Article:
Risk-based audits, often used under the care of internal IT audits, IT Compliance, IT Security or IT Risk Management, is a relatively recent event in the world of auditing, according to this blog post by Dr. Jack Freund. First sharing a brief review of the history of the IT audit from the days of the Electronic Data Processing Auditors Association (EDPAA) all the way to the publication of COBIT, Dr. Freund explains how IT audits have been shaped by—and shaped—Information Technology in the business, and how it’s been used to assess risks.
The blog explains how a mature risk management function must be able to inform decision makers about the severity of its findings (not just its findings alone). This means that a good audit function should, according to the author, identify variances from agreed-upon policies and standards, identify the frequency of deviations, and identify how critical the deviations are to the operation of the overall system. Most organizations try a “horizontal approach” which focuses on areas that correspond with high risk business activities:
This approach has the opportunity to be beneficial to the organization, as it substitutes the auditor’s priority-making for that of the businesses (i.e. focusing on the areas that the business already identifies as being critical). However, where this approach will not improve decision-making is in the application of standards for which the business has not agreed to adhere. For instance, strictly auditing an organization by ISO/IEC 27001:2005 that has not committed to follow it would not help inform management of their organization’s compliance with that standard. An ISO auditor would ask for the Statement of Applicability or evidence of management commitment and the result would immediately halt the audit. As a result, a key takeaway is to ensure that any perceived best practices inform the decision making of those who are writing the policies and standards of the organization, or those who have the authority to commit an organization to adhere to them.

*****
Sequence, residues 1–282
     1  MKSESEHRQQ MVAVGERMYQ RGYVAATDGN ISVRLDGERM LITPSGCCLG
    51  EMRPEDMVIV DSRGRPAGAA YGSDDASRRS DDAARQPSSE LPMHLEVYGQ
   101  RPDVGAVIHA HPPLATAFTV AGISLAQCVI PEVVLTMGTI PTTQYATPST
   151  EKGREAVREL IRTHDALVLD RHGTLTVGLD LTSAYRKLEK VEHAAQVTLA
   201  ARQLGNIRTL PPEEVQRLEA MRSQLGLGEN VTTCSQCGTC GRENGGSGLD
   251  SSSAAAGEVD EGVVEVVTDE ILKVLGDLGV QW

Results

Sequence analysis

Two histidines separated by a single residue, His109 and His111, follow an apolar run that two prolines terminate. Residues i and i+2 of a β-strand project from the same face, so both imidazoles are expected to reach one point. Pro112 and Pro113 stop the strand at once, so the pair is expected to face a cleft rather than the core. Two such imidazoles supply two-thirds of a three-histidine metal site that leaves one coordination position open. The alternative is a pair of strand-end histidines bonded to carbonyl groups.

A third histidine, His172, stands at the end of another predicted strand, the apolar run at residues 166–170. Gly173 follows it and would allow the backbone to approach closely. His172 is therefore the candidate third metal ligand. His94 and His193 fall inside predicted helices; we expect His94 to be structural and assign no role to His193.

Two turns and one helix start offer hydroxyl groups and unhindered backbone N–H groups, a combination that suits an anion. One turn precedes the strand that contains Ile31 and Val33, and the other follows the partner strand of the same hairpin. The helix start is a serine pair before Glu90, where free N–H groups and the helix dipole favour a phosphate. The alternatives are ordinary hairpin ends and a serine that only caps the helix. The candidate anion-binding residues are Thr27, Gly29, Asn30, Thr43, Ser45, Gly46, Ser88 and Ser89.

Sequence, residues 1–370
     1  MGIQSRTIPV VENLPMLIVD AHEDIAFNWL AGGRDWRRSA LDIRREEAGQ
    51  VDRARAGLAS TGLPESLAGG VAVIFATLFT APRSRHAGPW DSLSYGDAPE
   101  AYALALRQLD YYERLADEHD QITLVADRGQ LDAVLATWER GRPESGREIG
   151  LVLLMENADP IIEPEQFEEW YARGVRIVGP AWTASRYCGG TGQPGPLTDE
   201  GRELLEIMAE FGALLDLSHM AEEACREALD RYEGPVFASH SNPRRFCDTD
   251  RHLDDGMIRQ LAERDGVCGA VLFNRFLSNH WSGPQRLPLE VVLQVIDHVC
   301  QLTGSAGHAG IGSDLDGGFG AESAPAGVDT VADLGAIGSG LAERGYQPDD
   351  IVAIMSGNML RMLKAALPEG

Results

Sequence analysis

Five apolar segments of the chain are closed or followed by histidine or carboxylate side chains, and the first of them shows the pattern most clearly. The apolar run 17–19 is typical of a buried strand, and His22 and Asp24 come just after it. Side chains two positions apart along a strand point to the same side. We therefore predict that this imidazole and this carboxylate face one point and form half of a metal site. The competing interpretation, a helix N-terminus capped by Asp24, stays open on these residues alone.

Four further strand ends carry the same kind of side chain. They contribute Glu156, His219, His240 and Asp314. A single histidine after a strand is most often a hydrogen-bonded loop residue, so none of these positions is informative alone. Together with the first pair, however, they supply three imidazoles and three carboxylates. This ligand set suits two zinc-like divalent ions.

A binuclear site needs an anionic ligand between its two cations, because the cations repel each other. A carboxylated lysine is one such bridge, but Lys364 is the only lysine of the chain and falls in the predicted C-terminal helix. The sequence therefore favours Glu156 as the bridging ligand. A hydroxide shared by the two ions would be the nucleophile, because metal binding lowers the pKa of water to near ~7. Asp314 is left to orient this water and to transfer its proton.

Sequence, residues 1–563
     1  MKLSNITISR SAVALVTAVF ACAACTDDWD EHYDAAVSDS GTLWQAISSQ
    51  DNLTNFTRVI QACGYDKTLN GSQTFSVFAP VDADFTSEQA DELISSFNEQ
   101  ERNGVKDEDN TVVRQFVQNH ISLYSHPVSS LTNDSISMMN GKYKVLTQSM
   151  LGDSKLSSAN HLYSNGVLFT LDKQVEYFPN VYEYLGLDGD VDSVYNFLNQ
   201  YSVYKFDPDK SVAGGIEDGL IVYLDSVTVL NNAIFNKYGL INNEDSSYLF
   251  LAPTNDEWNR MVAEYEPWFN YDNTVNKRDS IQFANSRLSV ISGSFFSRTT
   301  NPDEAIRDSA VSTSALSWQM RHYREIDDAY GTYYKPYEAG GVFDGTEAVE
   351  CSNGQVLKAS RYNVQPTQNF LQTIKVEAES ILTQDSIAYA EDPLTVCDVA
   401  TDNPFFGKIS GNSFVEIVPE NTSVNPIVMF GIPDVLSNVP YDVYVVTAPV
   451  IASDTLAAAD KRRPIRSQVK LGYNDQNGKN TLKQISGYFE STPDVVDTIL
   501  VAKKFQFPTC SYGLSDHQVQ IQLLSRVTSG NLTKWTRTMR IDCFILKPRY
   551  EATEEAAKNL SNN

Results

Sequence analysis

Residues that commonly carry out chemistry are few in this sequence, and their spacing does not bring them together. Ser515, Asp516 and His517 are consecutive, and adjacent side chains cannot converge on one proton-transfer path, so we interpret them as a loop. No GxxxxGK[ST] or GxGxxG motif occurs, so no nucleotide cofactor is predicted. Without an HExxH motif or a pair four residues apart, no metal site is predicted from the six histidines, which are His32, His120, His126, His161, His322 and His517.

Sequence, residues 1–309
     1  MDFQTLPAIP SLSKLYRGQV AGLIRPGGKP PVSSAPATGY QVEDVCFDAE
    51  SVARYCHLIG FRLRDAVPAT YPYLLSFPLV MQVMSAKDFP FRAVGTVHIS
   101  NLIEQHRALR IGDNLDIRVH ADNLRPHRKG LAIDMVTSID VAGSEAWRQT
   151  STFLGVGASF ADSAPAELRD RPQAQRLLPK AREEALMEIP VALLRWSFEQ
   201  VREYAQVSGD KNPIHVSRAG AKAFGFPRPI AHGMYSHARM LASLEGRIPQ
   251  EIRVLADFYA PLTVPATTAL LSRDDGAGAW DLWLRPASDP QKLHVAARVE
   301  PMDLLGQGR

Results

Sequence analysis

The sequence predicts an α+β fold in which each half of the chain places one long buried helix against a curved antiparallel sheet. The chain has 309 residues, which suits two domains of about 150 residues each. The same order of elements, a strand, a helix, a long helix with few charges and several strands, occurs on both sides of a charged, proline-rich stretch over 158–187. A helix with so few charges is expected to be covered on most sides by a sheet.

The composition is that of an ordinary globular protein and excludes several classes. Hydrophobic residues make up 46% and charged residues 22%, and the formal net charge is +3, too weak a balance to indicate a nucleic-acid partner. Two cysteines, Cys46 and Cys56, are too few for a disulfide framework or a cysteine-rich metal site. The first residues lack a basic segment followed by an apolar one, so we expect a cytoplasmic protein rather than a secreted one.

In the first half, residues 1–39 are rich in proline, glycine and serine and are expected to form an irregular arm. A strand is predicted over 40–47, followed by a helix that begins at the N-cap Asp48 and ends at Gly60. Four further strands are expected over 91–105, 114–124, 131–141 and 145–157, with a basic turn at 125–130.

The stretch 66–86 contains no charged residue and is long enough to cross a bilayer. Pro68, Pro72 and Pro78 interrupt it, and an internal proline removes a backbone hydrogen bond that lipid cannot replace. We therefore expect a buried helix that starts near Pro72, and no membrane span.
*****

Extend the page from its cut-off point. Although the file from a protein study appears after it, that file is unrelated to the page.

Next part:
The article then concludes with an emphasis on the goals of risk management functions and what benefits can be expected. To read the full article, click here: http://riskdr.com/2013/09/18/a-cooperative-model-for-security-audit-and-risk-a-collaborative-approach-to-risk-based-audits/